October 11, 2011
Drop In Radiation Can Trigger Cold Winters
According to a new study, a drop in the sun's radiation can trigger unusually cold winters in parts of North America and Europe.
The scientists said this finding could improve long-range forecasts and help countries prepare for blizzards.
Previously, researchers were just able to see a weak link between solar activity and winter weather. However, the new study used satellite measurements from NASA's Solar Radiation and Climate Experiment (SORCE) to reveal that differences in UV light reaching the Earth during the 11-year cycle are larger than previously thought.
The satellite, which launched in 2003, helped to take the first-ever measurement of the solar radiation across the entire UV spectrum.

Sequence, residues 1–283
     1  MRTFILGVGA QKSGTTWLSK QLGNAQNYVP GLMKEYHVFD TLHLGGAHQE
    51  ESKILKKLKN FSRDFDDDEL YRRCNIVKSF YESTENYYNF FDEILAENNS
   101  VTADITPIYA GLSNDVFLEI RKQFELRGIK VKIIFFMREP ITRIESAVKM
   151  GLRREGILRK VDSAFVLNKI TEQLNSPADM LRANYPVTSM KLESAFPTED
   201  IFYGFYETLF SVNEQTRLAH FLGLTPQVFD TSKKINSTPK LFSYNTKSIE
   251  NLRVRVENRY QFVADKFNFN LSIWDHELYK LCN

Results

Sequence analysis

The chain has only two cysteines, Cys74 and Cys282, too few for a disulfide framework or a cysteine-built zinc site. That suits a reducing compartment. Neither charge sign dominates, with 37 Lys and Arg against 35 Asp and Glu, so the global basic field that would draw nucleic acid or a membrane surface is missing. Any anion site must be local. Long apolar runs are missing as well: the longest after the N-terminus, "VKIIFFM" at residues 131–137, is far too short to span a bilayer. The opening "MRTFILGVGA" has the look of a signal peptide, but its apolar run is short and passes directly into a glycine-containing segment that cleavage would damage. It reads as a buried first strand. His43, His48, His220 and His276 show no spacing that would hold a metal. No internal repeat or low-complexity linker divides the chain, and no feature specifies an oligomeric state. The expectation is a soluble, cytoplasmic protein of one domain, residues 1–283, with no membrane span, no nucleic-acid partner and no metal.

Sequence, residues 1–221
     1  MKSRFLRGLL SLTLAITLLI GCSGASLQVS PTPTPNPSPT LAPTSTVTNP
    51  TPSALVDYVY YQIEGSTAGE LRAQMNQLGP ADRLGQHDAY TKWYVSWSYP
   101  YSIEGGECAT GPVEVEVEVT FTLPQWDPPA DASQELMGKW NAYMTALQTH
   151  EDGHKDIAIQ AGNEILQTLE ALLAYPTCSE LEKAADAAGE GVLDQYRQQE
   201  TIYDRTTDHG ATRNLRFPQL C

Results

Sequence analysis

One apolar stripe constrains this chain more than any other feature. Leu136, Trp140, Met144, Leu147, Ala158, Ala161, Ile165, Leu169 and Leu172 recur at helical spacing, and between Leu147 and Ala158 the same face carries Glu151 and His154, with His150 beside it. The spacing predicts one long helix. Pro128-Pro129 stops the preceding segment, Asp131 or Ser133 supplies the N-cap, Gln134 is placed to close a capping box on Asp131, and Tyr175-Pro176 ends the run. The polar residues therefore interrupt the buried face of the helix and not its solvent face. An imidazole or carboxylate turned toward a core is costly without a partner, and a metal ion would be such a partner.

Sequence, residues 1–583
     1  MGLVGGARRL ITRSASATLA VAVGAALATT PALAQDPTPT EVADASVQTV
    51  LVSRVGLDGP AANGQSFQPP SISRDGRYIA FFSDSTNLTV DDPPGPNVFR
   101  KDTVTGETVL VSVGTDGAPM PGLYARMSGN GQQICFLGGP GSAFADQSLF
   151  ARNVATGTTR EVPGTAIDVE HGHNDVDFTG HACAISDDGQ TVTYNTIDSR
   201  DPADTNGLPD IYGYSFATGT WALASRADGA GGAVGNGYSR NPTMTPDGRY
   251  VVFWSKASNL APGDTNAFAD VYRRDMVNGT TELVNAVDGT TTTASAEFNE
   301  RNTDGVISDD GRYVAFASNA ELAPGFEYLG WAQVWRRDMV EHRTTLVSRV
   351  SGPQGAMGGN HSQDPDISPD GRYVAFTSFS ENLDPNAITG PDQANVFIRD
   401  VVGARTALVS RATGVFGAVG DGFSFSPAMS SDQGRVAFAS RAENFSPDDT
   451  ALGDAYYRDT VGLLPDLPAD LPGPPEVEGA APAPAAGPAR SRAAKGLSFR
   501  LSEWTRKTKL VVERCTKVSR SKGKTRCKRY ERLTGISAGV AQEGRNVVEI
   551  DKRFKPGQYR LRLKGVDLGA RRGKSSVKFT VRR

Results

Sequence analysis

The sun has an 11-year cycle radiation on the surface, during which it reaches a peak and then falls.
The researchers focused on data from the recent solar minimum during 2008 and 2010, which was a period that saw unusual calm for the sun and intense winters in the U.S. and parts of Europe.
The scientists found that a reduction in ultraviolet (UV) radiation from the sun can affect high-altitude wind patterns in the Northern Hemisphere, which triggers cold winters.
When solar activity is higher than usual, the opposite can take place and bring warm air and milder winters.
"What we're seeing is UV levels affecting the distribution of air masses around the Atlantic basin," lead author Sarah Ineson, from the U.K. Met Office, said in a press release. "This causes a redistribution of heat, so while Europe and the US may be cooler, Canada and the Mediterranean will be warmer, and there is little direct impact on global temperatures."
The study was published in the journal Nature Geoscience.
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